“Now, I appreciate Mr. Wright and Mr. McIntosh being here today and their willingness to serve. I was able to meet with you both yesterday, and I look forward to learning more about your visions for these important positions today. I do need to caution you both that your paths to confirmation will be troubled, at best. Of the 60 oversight letters that Democratic Members have sent EPA, we have received complete responses to only 23. And the last time I tried to work with EPA to expedite the consideration of a nominee, Administrator Pruitt reneged on an agreement he had previously made with me.
“So the Administrator’s failure to work constructively with this Committee has put you in a tough spot. You are also looking to work at an agency run by an Administrator who seemingly has no qualms with asking staff to do unethical and perhaps even illegal things. An Administrator who has put politics and his own personal gain ahead of the EPA’s mission to protect public health and our environment. The Committee should know how you both plan to address that kind of work culture, should you be confirmed.
“Mr. Wright, you have been nominated to serve as Assistant Administrator for the Office of Land and Emergency Management, which sets federal guidelines for both hazardous and nonhazardous waste disposal and oversees state and local waste disposal programs. The Office is also responsible for overseeing Superfund cleanups of the most contaminated sites on EPA’s National Priorities List. The Office also acts as the federal government’s environmental first responder in the event of oil spills, chemical accidents, natural and other environmental disasters. For example, the Office of Land and Emergency Management was on the scene during the Deepwater Horizon oil spill and in the aftermath of last year’s hurricanes in Texas, Florida, Puerto Rico, and U.S. Virgin Islands.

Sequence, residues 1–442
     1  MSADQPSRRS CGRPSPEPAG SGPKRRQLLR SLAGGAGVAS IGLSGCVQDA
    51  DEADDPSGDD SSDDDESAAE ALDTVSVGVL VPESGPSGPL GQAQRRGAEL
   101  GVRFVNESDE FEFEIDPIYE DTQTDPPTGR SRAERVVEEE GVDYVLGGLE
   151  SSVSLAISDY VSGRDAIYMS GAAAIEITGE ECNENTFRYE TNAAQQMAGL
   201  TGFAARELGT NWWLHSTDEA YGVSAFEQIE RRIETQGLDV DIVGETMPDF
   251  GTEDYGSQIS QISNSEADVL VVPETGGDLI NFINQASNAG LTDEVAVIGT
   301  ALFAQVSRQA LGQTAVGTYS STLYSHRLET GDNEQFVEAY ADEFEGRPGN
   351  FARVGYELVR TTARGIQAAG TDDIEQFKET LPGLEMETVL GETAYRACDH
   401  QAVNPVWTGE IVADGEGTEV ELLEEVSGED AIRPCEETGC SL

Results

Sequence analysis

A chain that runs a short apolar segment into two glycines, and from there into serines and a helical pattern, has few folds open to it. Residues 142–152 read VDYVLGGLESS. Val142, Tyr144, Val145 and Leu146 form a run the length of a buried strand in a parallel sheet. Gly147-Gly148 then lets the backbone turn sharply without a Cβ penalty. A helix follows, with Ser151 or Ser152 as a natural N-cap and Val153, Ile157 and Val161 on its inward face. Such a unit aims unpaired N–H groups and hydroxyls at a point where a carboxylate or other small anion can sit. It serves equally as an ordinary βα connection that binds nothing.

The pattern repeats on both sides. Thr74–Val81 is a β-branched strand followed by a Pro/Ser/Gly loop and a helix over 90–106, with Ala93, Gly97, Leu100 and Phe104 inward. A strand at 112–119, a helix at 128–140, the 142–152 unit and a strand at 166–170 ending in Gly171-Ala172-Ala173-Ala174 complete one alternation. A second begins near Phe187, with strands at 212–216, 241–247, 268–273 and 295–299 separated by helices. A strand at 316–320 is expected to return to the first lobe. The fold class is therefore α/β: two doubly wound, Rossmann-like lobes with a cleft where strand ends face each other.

“Mr. Wright comes to us from The Dow Chemical Company, now Dow-Dupont, where he has helped lead Dow’s Superfund cleanup work. Mr. Wright has agreed to recuse himself from working on any Superfund sites that Dow-Dupont may be responsible for contaminating for at least two years. For Dow sites that he personally and substantially worked on, he has agreed to a permanent recusal. I commend Mr. Wright for working on this recusal statement prior to confirmation. He is committing to take more meaningful steps to address potential conflicts of interests than any previous Trump Administration EPA nominee. I would ask Mr. Wright that he provide the Committee with further assurances that he will not seek a waiver from these recusals.
“But I also want to know more about how he plans to implement the duties of his office. Science informs how EPA cleans up contaminated sites and manages solid waste. For example, many Superfund sites are vulnerable to flooding and sea level rise from extreme weather and from climate change. The level of risk posed by toxic metals leaching into groundwater from coal ash disposal sites requires careful application of toxicological, geochemical, and hydrological data. Does Mr. Wright accept the scientific consensus that humans are responsible for climate change, and how will climate impacts inform his work? Will he continue to use the best available science in setting monitoring protocols and disposal standards for coal ash?
“The Office of International and Tribal Affairs plays a critical role in international relations at EPA and interactions with tribal communities across the Nation. Environmental issues do not adhere to international boundaries and this office assists in international concerns that expand beyond our borders. In addition, this office maintains the government-to-government relationship between the EPA and tribal nations in the United States.
“Mr. McIntosh has previously worked at Ford Motor Company and for the State of Michigan. I look forward to hearing from Mr. McIntosh regarding his work in these areas and his plans to continue the mission of the office to which he has been nominated.
“In closing, let me again welcome our nominees and thank both of you for appearing before us today.”